A world full of smart teddy bears and artificially intelligent toys may soon be upon us, courtesy of Google. The U.S. Patent and Trademark Office on Thursday published a Google patent application for dolls capable of detecting and looking at users when spoken to as well as perceiving voice commands. 

The patent describes robots that would be capable of picking up on social cues from humans, such as movements or spoken words, and then aiming their "gaze at the source of the social cue," the patent application reads. These "anthropomorphic devices" could then be given voice commands that the dolls could reroute to connected devices in a user's home, such as connected lights, a Nest thermostat or other so-called Internet of Things products.

"Imagine a teddy bear outfitted with sensors and cameras in your house. This teddy bear will rotate its head and look back at you if it senses you are looking at it," said Mikhail Avady of SmartUp, a legal startup that specializes in helping clients connect with lawyers. SmartUp were the first to spot the patent. "Once this happens, it can receive voice commands to control media devices in your home." It could, for example, turn on your music player.

Google smart dolls Google's patent for dolls capable of detecting and turning their gaze toward users to receive commands. Photo: U.S. Patent and Trademark Office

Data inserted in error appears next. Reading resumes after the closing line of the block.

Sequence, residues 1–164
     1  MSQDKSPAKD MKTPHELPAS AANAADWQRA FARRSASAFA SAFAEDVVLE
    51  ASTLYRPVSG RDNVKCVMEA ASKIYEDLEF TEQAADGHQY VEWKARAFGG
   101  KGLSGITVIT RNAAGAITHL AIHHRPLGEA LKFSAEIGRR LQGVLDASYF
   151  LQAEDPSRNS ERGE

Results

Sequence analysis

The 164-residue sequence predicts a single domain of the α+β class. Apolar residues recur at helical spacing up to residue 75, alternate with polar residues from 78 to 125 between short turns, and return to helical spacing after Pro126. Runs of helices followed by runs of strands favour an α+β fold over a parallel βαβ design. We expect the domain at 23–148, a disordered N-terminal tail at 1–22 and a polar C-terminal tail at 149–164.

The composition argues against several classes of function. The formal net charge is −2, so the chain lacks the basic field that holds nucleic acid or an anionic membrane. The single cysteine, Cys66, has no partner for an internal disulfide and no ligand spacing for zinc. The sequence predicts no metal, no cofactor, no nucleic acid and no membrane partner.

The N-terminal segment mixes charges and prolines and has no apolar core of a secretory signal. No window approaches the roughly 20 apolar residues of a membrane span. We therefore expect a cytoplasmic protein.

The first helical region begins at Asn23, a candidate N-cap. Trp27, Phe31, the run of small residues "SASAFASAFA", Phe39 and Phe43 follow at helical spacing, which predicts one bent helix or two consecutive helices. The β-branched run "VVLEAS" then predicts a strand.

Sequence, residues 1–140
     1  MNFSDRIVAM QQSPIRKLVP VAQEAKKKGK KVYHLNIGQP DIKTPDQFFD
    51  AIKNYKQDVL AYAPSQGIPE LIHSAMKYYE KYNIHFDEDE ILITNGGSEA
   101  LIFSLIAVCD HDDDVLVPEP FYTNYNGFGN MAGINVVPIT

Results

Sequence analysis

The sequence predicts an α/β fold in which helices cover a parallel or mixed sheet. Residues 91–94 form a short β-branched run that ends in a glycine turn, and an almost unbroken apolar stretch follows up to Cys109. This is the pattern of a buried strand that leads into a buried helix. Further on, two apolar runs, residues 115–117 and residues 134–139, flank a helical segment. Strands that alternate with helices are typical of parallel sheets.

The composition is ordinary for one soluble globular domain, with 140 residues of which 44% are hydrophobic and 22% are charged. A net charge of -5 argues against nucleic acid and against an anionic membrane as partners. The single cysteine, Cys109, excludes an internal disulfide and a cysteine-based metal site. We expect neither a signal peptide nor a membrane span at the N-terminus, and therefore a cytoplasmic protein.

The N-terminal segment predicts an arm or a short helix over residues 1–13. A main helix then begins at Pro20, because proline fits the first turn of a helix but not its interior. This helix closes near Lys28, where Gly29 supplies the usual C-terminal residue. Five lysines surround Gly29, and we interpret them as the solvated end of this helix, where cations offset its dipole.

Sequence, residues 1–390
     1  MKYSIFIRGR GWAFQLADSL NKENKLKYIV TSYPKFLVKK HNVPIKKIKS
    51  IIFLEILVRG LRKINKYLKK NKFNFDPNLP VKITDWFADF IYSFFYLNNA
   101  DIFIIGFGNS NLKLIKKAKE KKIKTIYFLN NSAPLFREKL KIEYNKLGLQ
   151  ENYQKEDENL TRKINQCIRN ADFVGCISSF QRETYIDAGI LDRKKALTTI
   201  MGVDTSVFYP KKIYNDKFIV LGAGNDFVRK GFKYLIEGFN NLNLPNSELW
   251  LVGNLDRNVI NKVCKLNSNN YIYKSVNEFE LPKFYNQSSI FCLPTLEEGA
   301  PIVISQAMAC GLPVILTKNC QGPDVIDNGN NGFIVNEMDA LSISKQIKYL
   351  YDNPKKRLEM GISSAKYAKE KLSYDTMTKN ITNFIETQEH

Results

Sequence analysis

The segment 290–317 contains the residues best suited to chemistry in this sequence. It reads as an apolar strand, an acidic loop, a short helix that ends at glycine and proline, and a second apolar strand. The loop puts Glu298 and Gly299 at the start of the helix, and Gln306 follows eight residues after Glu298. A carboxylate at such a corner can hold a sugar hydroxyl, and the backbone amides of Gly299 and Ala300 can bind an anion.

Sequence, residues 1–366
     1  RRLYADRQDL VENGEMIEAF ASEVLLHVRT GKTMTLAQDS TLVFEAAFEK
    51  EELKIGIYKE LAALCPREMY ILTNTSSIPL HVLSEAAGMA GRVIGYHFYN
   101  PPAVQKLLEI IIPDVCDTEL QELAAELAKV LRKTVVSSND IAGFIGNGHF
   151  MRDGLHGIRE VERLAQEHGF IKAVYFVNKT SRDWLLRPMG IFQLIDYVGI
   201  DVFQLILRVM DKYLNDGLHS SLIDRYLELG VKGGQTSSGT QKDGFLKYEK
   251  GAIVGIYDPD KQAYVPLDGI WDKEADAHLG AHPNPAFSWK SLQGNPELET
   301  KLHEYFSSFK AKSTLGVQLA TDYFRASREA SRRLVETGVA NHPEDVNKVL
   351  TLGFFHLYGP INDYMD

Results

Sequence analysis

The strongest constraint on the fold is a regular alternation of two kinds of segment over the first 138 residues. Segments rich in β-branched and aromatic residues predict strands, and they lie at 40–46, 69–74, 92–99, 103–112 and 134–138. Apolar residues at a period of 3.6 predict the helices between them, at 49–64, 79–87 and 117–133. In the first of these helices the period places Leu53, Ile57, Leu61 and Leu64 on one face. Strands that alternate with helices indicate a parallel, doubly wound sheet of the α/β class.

Included in the patent application is an image of two dolls -- a teddy bear and another that is either a dog or a rabbit. Both include cameras and microphones to pick up social cues as well as motors to move their limbs. 

Already, we've seen this kind of technology in sci-fi films. Steven Spielberg's "A.I. Artificial Intelligence," for example, includes a very intelligent teddy bear. And some of today's companies are also already starting to build and sell products like this. Apple has Siri while Amazon sells the Echo, which is a $199 speaker that listens to users commands and responds. Users can tell the Echo to play music or add products to their shopping lists, they can ask questions about things like sports or traffic or they can tell their Echo to turn off their smart Hue Philips lights

Here's hoping Google builds us non-creepy, helpful assistant dolls and not out-of-control, havoc-wreaking menaces like Chucky

Salvador Rodriguez is the International Business Times' Silicon Valley Correspondent. News tips? Email me here. Follow me on Twitter @sal19